• Never provide more than they want. State it clearly, concisely and unambiguously.. but that often means figuring out what the manager thinks of as "clear", "concise" and "unambiguous".

  • Do not provide extra info unless you need them to take action. And then, consider whether you want it in a status report, or a phone call. Some of this is knowing where the status goes. They are tremendously useful red flags when you know who they will go to and how the reader will be reading it.

  • Due date is usually the LAST date - I have never heard a manager say "hey, you gave me status too early!!!" - minimize the context switch and send status when you've finished the last reportable thing for that project.

  • Keep a secret one true status report - It doesn't matter if it makes sense only to you - a status report that lets you build the others quickly will save a lot of time. It is also a wonderful thing if you work in a high-audit field where people with long lists of questions come to you asking to to prove that you know or did what you said you knew or did.


Every situation is different, so treat these as items on a buffet. Take what you think will work and try it. The big picture is - there's an organizational cost to companies. Managers need to know status. But what they need and how they need it presented, can a be dialogue between you and them. Some managers will give you a format and a date and they simply cannot change that... but others are often throwing the first idea on the wall to see if it sticks, and they are open to a counter offer.

How you sell your idea will have a big impact on your success. "hey, we're all busy, let's save time!" may work, but proposing something consistent across the company is the same idea, but shows a potential for much bigger impact. Saving your own 1 hour a week is awesome. But saving your whole department 1 hour a week makes you a huge hero.

  • Thanks, Beth. This will be very useful to me, but also to others. This situation is actually a blend of the two - I'm in situation 2, but my managers are using the status reports to build the One True report with a wide audience. Mar 6, 2013 at 19:35
  • Cool! I hope you can talk them into being consistent, then then it'll help the wider audience. Maybe you all can agree on a status area and they all dip into the well when they need a report? Good luck! Mar 7, 2013 at 13:41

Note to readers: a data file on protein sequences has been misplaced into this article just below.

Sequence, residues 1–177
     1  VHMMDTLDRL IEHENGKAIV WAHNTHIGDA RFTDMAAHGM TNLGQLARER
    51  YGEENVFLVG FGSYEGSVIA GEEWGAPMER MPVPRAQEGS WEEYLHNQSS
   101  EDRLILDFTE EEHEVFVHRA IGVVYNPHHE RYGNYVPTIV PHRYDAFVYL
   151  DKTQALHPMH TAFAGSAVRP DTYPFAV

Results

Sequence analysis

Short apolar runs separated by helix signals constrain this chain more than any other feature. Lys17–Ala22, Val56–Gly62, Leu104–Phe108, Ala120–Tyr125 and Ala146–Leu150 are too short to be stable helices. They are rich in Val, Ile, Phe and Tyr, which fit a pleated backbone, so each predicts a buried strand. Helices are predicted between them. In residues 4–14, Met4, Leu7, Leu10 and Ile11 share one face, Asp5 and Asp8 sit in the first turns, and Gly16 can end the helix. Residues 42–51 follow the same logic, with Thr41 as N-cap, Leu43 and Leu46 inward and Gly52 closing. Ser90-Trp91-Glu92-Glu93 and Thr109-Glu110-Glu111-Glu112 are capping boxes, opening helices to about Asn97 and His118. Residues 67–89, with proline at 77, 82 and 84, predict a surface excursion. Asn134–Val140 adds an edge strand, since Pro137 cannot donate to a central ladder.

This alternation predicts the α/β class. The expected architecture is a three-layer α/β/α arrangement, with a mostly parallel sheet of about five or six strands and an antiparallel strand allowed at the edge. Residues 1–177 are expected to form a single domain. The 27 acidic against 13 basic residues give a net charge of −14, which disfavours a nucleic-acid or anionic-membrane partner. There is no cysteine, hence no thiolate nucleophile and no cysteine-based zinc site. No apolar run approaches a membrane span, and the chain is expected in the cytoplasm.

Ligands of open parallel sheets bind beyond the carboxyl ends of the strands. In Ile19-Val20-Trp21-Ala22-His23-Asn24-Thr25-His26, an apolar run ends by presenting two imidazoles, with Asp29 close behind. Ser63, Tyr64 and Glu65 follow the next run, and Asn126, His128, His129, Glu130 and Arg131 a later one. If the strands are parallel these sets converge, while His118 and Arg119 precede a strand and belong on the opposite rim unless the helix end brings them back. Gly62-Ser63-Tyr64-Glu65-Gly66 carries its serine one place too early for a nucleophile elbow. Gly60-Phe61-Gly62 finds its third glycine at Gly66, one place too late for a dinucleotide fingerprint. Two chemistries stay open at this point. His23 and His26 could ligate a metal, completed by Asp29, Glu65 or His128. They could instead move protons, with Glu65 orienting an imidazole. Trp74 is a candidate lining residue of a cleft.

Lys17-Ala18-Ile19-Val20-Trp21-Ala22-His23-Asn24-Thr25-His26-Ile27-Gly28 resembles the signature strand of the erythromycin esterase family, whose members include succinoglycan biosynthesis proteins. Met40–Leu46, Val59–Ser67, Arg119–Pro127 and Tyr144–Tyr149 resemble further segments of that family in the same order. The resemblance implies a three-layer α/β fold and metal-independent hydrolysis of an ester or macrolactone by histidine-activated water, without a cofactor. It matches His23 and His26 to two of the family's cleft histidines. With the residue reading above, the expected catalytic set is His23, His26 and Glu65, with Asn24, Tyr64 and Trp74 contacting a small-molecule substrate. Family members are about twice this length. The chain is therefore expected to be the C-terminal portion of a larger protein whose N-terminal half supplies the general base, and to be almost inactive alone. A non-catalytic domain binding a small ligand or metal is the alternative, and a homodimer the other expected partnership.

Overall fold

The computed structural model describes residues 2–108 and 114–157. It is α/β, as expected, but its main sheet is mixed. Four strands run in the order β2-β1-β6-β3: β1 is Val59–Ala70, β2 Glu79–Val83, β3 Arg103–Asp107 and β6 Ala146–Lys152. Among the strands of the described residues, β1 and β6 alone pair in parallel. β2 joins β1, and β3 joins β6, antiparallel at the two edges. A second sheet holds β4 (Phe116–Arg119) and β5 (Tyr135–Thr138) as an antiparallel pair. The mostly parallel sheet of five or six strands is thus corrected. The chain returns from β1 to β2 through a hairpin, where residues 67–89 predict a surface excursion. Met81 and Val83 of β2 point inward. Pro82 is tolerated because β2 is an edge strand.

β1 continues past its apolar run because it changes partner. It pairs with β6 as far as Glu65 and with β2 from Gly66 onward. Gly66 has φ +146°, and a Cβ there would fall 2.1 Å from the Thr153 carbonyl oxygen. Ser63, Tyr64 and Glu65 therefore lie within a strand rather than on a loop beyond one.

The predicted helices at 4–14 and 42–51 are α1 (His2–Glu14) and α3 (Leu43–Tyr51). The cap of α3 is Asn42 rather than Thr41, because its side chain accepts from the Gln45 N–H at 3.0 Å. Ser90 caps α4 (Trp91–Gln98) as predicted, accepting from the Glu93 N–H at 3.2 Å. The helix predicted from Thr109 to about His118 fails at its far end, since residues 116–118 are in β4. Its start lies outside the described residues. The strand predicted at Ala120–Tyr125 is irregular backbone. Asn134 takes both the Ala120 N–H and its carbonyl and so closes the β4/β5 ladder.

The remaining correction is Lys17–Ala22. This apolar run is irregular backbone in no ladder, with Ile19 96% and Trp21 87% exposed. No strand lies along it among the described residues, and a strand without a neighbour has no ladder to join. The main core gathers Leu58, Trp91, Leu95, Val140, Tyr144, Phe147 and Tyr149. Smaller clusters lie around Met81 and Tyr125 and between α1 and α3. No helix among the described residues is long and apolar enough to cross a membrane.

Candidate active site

Coming from an agile software development environment, we use kanban boards to track the progress of particular projects including any notes and states that they might hold. Without knowing what your industry is or what the contents of your status reports are, it may be hard to give you something concrete but I know that Kanban is good for collaborations between multiple parties and useful to track progress, time, and overall workflow.

For example, you can check out Trello to see if it will suit your needs. It is a very lightweight and clean Kanban board that can be customized to your states and interests. To share it, you just need to send your managers the link to the board and they can view it. The application also live updates so multiple members on your team can update and insert notes throughout the day.

I'm still not sure if it's applicable but I imagine it will certainly cut down on the email communication if the managers can see the progress of your projects.

  • 1
    Actually also in software (QA), and we use JIRA. Maintaining status in tickets and then just copying and pasting from my tickets in JIRA could be a great way to manage this work. I haven't gotten fully integrated with the teams' JIRA boards yet (testing is new here), but this could be a good motivation to push on that. Thanks! Mar 5, 2013 at 23:27
  • 1
    I doubt the managers are going to let one person use a different report format. Do these kanban apps have custom reporting capabilities?
    – user8365
    Mar 5, 2013 at 23:33
  • Jeff, the managers (in this case) are pretty open to whatever works - it's a mid-sized startup environment. And sharing status in a ticket might actually make their lives easier, for some managers. Mar 5, 2013 at 23:58
  • @EthelEvans - why aren't they open to getting their reports on the same day?
    – user8365
    Mar 6, 2013 at 19:37
  • @JeffO - They send out their project or team status reports on different days, and would need to adjust the day they send out their own report (and adjust the days everyone else on the team or project sends them status, impacting 5 or 6 people). My sending status too early means that their snapshot report that they send to the CTO, etc., is out of date - and could lead to (for example) the CTO trying to take action on a problem that already was solved since I sent status to the PM. Most people in the company are on just one team / project and don't deal with this issue. Mar 6, 2013 at 19:50

Have you thought about proactively publishing a status ('board') that you update whenever it suits you? The people wanting statuses can then just look at that.

That way you decide when to update it.

It might also give you an opportunity to negotiate with the managers about what they really want visible, and shows them the effort required every time they think of new questions to ask, or the effort required in handling/answering their different viewpoints.

You must log in to answer this question.

Not the answer you're looking for? Browse other questions tagged .